On Monday July 22nd 2013, my sister and I went to visit the Auschwitz concentration camps.
I had booked us on the Auschwitz & Birkenau Tour with the company called Escape2Poland, as it had received good reviews on Tripadvisor.
They picked us up in a van at our hostel at 8.30 in the morning, before driving the 50 kilometers to the Auschwitz camps, located in the town called Oswiecim.
- "Labor makes (you) free",
or "work sets you free"
or "work sets you free"
Our tour group consisted of approximately 20 people. In the beginning of the tour they handed out a headset and a receiver to everyone, that was connected to the guide's microphone.
In this way you'd be able to hear the guide's voice loud and clear without having to be up in her face all the time.
You could be walking ten meters behind in your own world, and still be listening to the guide explaining, telling stories and giving directions.
who'd been working giving tours around the
Auschwitz camps for the past 15 years,
explaining about the Zyklon B containers
used to gas people to death
One of the gas chambers
Mountains of personal belongings like shoes, hairbrushes and glasses,
and leather suitcases,
neatly marked with names and addresses of the owners
"Be sure to label your luggage with your name and address,
so that you'll be able to find it easily upon arrival".
So much deception,
to prevent resistance
Inside the prison building to the left,
we were taken deep down into the basement
to see the standing cells:
small claustrophobic cells, where
the prisoner had to enter by crawling through
a small opening.
The cell was constructed as to prevent the prisoner
from doing anything but standing
No room for squatting, or sitting, or laying down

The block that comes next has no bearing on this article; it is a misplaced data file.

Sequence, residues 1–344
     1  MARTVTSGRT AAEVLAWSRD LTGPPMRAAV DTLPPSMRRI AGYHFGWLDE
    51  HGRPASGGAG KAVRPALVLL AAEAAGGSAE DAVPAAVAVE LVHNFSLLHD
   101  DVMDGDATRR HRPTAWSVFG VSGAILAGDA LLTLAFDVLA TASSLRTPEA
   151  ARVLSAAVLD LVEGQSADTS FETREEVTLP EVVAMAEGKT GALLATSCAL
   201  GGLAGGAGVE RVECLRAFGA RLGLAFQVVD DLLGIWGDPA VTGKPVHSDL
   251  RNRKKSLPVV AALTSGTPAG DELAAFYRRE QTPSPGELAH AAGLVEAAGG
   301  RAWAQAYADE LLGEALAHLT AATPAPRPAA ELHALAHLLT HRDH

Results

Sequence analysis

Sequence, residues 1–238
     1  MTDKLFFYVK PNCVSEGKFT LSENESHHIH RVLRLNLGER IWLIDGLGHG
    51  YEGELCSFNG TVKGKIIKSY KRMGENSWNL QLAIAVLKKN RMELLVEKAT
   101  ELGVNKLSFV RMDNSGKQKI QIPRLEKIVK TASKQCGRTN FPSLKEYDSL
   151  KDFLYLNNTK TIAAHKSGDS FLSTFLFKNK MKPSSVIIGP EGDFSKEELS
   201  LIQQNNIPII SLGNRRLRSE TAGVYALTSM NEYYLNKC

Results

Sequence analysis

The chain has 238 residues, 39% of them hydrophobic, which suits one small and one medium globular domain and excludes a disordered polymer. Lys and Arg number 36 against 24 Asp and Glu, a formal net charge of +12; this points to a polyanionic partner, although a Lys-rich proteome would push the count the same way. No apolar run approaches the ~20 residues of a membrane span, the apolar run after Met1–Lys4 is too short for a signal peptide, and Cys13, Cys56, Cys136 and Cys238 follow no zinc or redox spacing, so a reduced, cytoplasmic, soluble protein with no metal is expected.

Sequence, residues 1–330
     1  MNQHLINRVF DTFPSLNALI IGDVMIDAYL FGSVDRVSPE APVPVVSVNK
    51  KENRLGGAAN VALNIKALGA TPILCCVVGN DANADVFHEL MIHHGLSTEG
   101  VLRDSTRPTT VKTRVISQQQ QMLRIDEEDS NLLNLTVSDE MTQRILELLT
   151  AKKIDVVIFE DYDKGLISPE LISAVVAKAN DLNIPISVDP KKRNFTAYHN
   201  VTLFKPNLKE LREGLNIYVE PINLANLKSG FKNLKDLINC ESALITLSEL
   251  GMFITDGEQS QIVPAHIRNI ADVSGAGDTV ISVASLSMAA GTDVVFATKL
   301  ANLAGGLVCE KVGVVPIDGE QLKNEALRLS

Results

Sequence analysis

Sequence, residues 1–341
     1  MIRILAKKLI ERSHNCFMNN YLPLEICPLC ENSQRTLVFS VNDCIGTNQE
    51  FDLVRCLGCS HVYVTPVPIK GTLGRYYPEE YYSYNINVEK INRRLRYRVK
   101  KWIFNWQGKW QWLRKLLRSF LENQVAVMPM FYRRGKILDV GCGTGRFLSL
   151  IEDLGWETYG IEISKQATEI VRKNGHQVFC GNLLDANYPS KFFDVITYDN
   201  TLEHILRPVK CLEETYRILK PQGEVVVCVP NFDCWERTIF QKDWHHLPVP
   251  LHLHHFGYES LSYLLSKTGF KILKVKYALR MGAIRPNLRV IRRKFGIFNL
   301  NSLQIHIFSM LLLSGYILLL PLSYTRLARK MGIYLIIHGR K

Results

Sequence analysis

And there could be as many as four people
in one cell,
for several days,
people often suffocating to death.
dressing like your
going to a party
- when in Auschwitz
After a couple of hours in Auschwitz I
A quick snack before
driving the 3 km to Auschwitz II: Birkenau
blue skies, vast fields, and lush crops and grass
- so surreal to think about all of the awful atrocities
that went on in this area
At the end of the of railway tracks
- where the newly arrived
would be evaluated upon arrival,
and separated into two group:
those who were fit for work, and those who were unfit:
the sick, the elderly, pregnant women and children, who
would be brought to the gas chambers
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The weather was hot,
and the ground looked just like my dry legs
- but who has the right to complain about anything,
when in Auschwitz?
People in the camps were only allowed to
use the latrines twice a day: before and after work
Our guide told us about how the job of those who emptied
the toilets actually had the most 'lucrative' jobs: they
could use the toilets whenever they wanted,
working inside meant shelter from rain, snow and wind
- and the SS officers didn't actually want
to hang out here, so they weren't bothered by them
If you ever have the opportunity, you should definitely make the trip to visit the Auschwitz camps.
I almost felt like it was my duty as a world citizen - especially when Norway is only a couple of hours away by plane.
Reading and watching documents about the Holocaust is one thing, but to be walking the grounds and touching the walls of the Auschwitz camps is truly an unique experience.
It was gut-wrenching and heart-aching. At the end of the day, my sister said she felt like she had been to a funeral - pretty emotionally drained.
I hope to go there again some day.